It might not show up Saturday, but the LSU men’s and women’s track and field teams figure to be more well-rounded this season than in past years.
After relying primarily on the sprints, hurdles and relays, LSU coach Dennis Shaver, who begins his 15th season as head coach and 24th season with the program, is expecting better balance in 2019.
But, he said, that’s a long-term goal for the seventh-ranked Lady Tigers and No. 17 Tigers.
With his teams getting just one week of practice in since returning from the holidays, many of them will be held out of Saturday’s UAB Invitational in Birmingham, Alabama.
It won’t be long, however, before they’re up to speed with the NCAA championships less than two months off.
“We won’t be relying so much on big points in the sprints, hurdles and relays on the women’s side — especially in the jumps,” Shaver said. “We hope that we’re pretty well-rounded.”
The jumps have been beefed up with a pair of transfers in pole vaulter Lisa Gunnarsson, an All-American last year at Virginia Tech and the silver medalist at the IAAF World U20 championships, and horizontal jumper Mercy Abire, a former Oral Roberts standout.
They will be added to a jumps group that includes Abby O’Donoghue and Kaitlyn Walker in the high jump to potentially give LSU some points it has missed out on at the NCAA indoor and outdoor meets.
Shaver also returns All-American sprinters Kortnei Johnson, Rachel Misher and Cassondra Hall to go with one of the nation’s top prep stars from a year ago in Sha’Carri Richardson.
Hurdlers Tonea Marshall, Brittley Humphrey, Jurnee Woodward and Milan Young are also back along with half-miler Ersula Farrow.
“A lot of those athletes were with us last year, but they were still young,” Shaver said. “We’re excited to get started again and see them compete.”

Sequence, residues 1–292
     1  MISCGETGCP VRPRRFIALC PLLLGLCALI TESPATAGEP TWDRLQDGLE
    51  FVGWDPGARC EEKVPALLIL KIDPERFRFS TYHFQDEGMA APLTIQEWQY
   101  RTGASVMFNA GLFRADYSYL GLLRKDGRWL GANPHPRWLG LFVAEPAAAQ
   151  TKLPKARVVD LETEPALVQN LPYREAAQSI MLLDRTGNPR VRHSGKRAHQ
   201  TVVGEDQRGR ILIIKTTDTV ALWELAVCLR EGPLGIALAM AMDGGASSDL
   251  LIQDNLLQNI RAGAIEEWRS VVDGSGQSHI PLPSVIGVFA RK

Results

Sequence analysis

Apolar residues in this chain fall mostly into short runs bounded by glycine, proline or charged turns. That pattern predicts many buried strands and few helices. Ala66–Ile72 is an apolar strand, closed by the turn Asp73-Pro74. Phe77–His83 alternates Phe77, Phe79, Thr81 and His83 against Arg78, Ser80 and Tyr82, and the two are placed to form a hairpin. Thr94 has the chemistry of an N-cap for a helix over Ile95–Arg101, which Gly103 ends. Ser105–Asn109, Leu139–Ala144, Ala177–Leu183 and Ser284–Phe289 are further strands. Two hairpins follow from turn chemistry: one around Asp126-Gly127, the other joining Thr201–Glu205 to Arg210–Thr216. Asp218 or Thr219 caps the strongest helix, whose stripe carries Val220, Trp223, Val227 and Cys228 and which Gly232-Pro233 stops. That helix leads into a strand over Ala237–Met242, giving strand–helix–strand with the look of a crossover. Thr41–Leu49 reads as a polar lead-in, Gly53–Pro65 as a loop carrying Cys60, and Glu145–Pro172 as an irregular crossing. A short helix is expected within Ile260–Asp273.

On the men’s side, Shaver and his coaching staff are excited about what they return and what they bring in, namely Mondo Duplantis, the world junior record holder and 2018 European champion in the pole vault.
“I just think we have a really talented men’s squad,” Shaver said. “It’s just like the women; we’re covering more event areas, actually more events, considering that we’re strong in the sprints and hurdles. Then, we added to the jumps.”
Shaver said Duplantis will be limited for most of the season considering the big meets he’ll be competing in, like the World Championships in late September and early October.
Duplantis, whose career best of 19 feet, 10¼ inches is the fourth-best mark ever recorded in track and field history, is one of four LSU athletes who medaled at the World U20 championships last summer.
He won the gold medal in the pole vault, while Jake Norris (hammer) and Damion Thomas (110-meter hurdles) joined him on the top step of the awards stand. JuVaughn Harrison (high jump) came home with the bronze.
Like Duplantis, Thomas is the world junior record holder in his specialty.
Returning to join Harrison in the jumps are veterans Rayvon Grey, Da’Quan Ballard and Christian Miller, while Jaron Flournoy, Correion Mosby and Kary Vincent are returning stalwarts in the sprints and relays.
“We look at the youth we have, but we have some experienced guys back, so that’s pretty exciting to see,” Shaver said. “I actually think that this is one of the more talented squads we’ve had on that side.”